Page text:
Are You Prepared for December’s SOC Reporting Changes?
posted Nov 30, 2018 by Henry A. Silva, CPA, CGMA, MBA in the Business Blog
Attention businesses….has your organization had a SOC (service organization control) report in recent years? Make sure you’re ready for your next examination, and be mindful that compliance with new reporting standards is required for reports dated on or after December 15, 2018. Read on to see what’s changed for 2018 and beyond.
What is a SOC report?
To refresh your memory, service organization control (SOC) audits, or internal control reports are a great way for customers to ensure that service providers are practicing safe and secure controls and protecting your personal data.
If you or your company is considering hiring a service provider, you should ask to review the vendor’s SOC report prior to engaging them so that you can get an accurate understanding of the organization’s controls and the risks associated with their services.
There are 3 types of SOC reports- SOC 1, SOC 2 and SOC 3.
Which companies require a SOC report?
Companies that may need a SOC report include service organizations that perform a financial reporting function or handle sensitive information on behalf of their customers.
Important changes to note
Effective December 15th, SOC will now stand for System and Organization Controls. Additionally, “trust services principles” under SOC 2 reports will now be known as “trust services criteria” and the lower-case-p principles (security, availability, processing integrity, confidentiality, and privacy) are now the “Trust Services Categories.”
1. The trust services criteria are now aligned with what is known as the COSO (Committee of Sponsoring Organizations of the Treadway Commission) 2013 framework, which publicly traded companies use to assess their own entity-wide controls as they relate to fraud and misappropriation of assets and data. With this update, you’ll need to perform a “gap analysis”. A gap analysis is a method of assessing your business’ current controls to identify differences between your current state of controls and where they should be.
Once you pinpoint where your controls don’t align, you’ll be able to address the gaps.
2. Supplemental criteria to better address cybersecurity risks- The COSO Framework includes seventeen categorized principles of internal control that organizations must follow. The categories are as follows:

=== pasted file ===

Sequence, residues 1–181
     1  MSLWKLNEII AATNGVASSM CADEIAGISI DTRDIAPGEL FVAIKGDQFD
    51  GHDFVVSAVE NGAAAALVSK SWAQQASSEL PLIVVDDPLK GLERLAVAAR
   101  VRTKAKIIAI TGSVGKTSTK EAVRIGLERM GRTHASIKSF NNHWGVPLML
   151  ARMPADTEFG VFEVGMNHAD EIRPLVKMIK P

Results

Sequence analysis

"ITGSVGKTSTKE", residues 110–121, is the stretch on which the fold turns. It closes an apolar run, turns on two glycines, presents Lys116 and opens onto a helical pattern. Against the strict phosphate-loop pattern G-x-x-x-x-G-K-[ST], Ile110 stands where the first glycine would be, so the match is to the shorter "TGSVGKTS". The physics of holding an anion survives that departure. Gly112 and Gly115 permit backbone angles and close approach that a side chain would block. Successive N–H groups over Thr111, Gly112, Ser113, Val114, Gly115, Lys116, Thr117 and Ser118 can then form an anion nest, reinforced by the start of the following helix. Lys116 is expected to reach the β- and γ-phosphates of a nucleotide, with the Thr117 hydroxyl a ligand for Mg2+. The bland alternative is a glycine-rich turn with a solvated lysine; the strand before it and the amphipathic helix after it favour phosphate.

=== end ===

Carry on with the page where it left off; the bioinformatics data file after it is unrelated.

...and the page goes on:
- Control environment
- Communication and information
- Risk assessment
- Monitoring activities
- Control activities
To better address cyber risks, the trust services criteria were further modified and organized into additional categories:
- Logical and physical access controls
- System operations
- Change management
- Risk mitigation
3. Additional description criteria requirements- The description criteria provide a description of a service organization’s system in a SOC 2 report. There are two major changes you should note—
- Service organizations must now be more transparent about service commitments and system requirements- The new description criteria holds that service organizations must describe their principal service commitments and system requirements in the description. This change was made in hopes that users will be able to understand the objectives that drive the system and users will now have a standard by which they can measure the effectiveness of the organization’s internal controls.
- Service organizations must disclose certain incidents- The organization is required to disclose any incident that occurred during the audit period or affected the service organization’s ability to meet its service commitments or system requirements.
Why is there an increased need for SOC reports in 2018 and beyond?
The threat landscape is changing, and businesses are dealing with an increased demand for transparency and assurance surrounding controls and processes. Organizations have no choice but to evolve!
Questions on SOC reporting and what you need to do before December 15th? Reach out to me or any member of our SOC Services Team.